Christmas is a holiday that is celebrated in many countries around the world. Quite frequently, local pagan rites blended with the Christian tradition of Christmas, the festival that marks the birth of Jesus. Sometimes new elements were incorporated into the occasion in later centuries. For this reason, Christmas celebrations differ in countries and regions across the world. Although globalisation and (over)commercialisation have led to the export of some local traditions, for example the advent calendar or Father Christmas and Rudolph the Reindeer, Christmas celebrations still take different forms around the world due to their particular rituals, characters and artifacts. Some examples of Christmas artifacts used in different cultures are shown below:
Gail Robinson’s interrelated categories of products, behaviours and beliefs to describe cultures (1985) can also be applied to Christmas, as shown in the illustration below:
Elements of Christmas – Products, Behaviours and Ideas – adapted from Gail Robinson’s Elements of Culture (1985)
The pictures shown below depict some traditional characters, rituals, artifacts and food that form part of Christmas in different cultures. Do you recognise any of the traditions shown in the pictures?
The following traditions are shown in the collage:
The Christmas cracker is an English tradition that dates back to the Victorian time (19th century). It consists of a cardboard paper tube wrapped in coloured paper that is twisted at both ends to make it look like a huge wrapped sweet. Inside the cracker is some chemically impregnated paper. When the cracker is pulled apart, normally by two people, this causes a bang. Inside the cracker is a paper crown, a joke on a slip of paper and a little gift.
Bûche de Noël
The Bûche de Noël is a French Christmas cake that is shaped like a log. It is based on the tradition that a log was burnt on Christmas Eve in the hearth in families’ homes. This was thought to be lucky. When the hearths were replaced by stoves, the tradition of eating a log-shaped cake instead of burning a wooden log started.
The tradition of Advent wreath dates back to the 16th century, when it was used for the first time by German Lutheran Protestants. It consists of four candles fixed on a wreath of pine branches that is decorated with cones, berries, dried flowers and Christmas ornaments. The Advent wreath represents a kind of countdown to Christmas: three weeks before Christmas, one candle is lit, then two candles, then three and finally four are lit at Christmas.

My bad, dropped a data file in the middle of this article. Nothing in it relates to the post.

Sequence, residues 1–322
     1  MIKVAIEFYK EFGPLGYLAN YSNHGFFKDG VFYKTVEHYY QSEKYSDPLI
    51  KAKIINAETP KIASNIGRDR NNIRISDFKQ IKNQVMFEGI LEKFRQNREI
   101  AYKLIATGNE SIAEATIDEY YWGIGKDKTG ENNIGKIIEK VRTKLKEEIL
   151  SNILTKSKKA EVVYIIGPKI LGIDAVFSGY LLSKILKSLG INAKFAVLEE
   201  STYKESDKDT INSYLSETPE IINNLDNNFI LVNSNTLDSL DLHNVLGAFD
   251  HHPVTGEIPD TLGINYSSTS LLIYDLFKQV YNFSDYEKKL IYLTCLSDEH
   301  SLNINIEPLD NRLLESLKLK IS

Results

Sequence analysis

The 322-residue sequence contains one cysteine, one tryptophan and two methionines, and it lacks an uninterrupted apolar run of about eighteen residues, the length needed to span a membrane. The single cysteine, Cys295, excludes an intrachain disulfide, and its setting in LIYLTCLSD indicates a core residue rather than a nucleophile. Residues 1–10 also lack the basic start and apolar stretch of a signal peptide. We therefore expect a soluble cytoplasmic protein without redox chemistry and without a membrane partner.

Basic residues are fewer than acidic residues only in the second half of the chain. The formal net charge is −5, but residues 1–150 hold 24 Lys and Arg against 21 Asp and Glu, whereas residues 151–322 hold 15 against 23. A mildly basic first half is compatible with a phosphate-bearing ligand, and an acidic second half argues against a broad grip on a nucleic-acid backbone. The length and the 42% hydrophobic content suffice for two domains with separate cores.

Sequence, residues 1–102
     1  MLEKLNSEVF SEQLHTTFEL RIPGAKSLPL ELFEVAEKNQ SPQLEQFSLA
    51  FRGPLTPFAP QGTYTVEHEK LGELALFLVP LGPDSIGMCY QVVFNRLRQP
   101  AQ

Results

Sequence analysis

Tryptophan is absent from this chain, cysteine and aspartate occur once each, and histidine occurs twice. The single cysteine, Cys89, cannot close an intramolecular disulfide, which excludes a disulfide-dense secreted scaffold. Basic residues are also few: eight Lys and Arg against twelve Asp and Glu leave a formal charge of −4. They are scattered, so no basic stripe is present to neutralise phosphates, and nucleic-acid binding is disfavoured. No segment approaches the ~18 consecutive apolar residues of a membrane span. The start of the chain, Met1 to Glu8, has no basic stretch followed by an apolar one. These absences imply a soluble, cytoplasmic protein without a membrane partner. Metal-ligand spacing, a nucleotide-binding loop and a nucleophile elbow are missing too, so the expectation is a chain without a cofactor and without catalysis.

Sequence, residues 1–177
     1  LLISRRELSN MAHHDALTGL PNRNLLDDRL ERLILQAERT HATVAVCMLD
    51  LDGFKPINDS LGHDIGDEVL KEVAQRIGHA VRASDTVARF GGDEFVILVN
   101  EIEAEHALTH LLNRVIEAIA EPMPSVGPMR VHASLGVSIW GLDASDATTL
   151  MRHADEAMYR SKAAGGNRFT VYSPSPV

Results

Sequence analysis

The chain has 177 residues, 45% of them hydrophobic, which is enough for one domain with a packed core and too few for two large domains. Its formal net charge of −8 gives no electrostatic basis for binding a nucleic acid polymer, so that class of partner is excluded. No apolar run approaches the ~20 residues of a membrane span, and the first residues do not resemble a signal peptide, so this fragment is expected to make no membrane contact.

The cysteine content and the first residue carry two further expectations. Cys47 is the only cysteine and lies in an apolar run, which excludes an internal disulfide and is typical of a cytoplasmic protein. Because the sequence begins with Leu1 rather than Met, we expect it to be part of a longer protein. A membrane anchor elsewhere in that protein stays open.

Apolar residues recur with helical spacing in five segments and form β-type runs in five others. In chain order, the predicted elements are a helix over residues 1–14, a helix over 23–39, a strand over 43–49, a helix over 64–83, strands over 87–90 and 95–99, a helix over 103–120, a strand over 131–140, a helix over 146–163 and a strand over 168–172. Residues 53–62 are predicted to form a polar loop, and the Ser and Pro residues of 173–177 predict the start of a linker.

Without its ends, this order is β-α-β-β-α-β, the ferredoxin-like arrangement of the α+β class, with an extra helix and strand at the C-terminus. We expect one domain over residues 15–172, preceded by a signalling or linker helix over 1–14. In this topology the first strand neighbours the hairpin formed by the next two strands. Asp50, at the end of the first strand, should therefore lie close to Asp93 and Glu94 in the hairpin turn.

The Olentzero is a legendary character in the Basque Country, a region located partly in Spain and France. He probably has a pagan origin. According to tradition, on December 24, the Olentzero comes down from the mountains to visit the Basque villages and towns and give presents to the children.
The Caga Tió goes back to a pre-Christian tradition in Catalonia and Aragon in Spain. It is a tree trunk covered with a blanket that has a painted face and sticks as legs. Children "feed" it, for example with sweets and fruits. At Christmas, they hit the Caga Tió with sticks while singing Christmas carols to make it “poop” gifts (that have previously been hidden under the blanket).
La Befana is an old woman on broomstick who fills children’s socks with gifts in Italy on Epiphany Eve, the night of January 5. The well-behaved children get sweets, while naughty children receive a lump of (sweet) coal. Another name for La Befana is Christmas witch. The origin of the tradition is probably a Christian legend.
The posadas are nine religious festivals that are traditionally organized in Mexico before Christmas from December 16 to 24. They refer to María’s and José’s trip to Bethlehem and their search for accommodation. The Posadas have their origin in an ancient Aztec cult known as Panquetzaliztli that was celebrated in pre-Hispanic Mexico between December 17 and 26.
In the modern posadas, the guests are divided into two groups, one group stays inside the house and represents the innkeeper while the second group is outside the house and asks for a place to stay. This involves singing between the two groups with the people outside asking for an inn and the innkeepers denying it. After a few verses the innkeepers let the others in.
The Yule goat is a Christmas tradition in Scandinavia and Northern European. It delivers presents together with the Jultomte (the Swedish version of Father Christmas) on Christmas night. The goat probably goes back to the pagan tradition of Yule, a festival celebrated by Germanic people. Today the Yule goat is typically made of straw.
There is a tradition in Sweden on December 13 that a girl dresses up in a white robe and wears a crown of candles on head. She leads a procession of other white-clad students. Although the Lucia festival is named after a martyr who was killed by the Romans, it is not much of a religious celebration in today's Sweden. Its most important elements are the white robes and candles, traditional saffron buns (Lussekatter) and singing songs.
The video Christmas Around the World Song (3.49 min.) presents some of the above traditions and can form part of a
Christmas activity. Matching the pictures of the collage with the descriptions of the traditions can be done as a pre-viewing activity (see downloadable worksheet).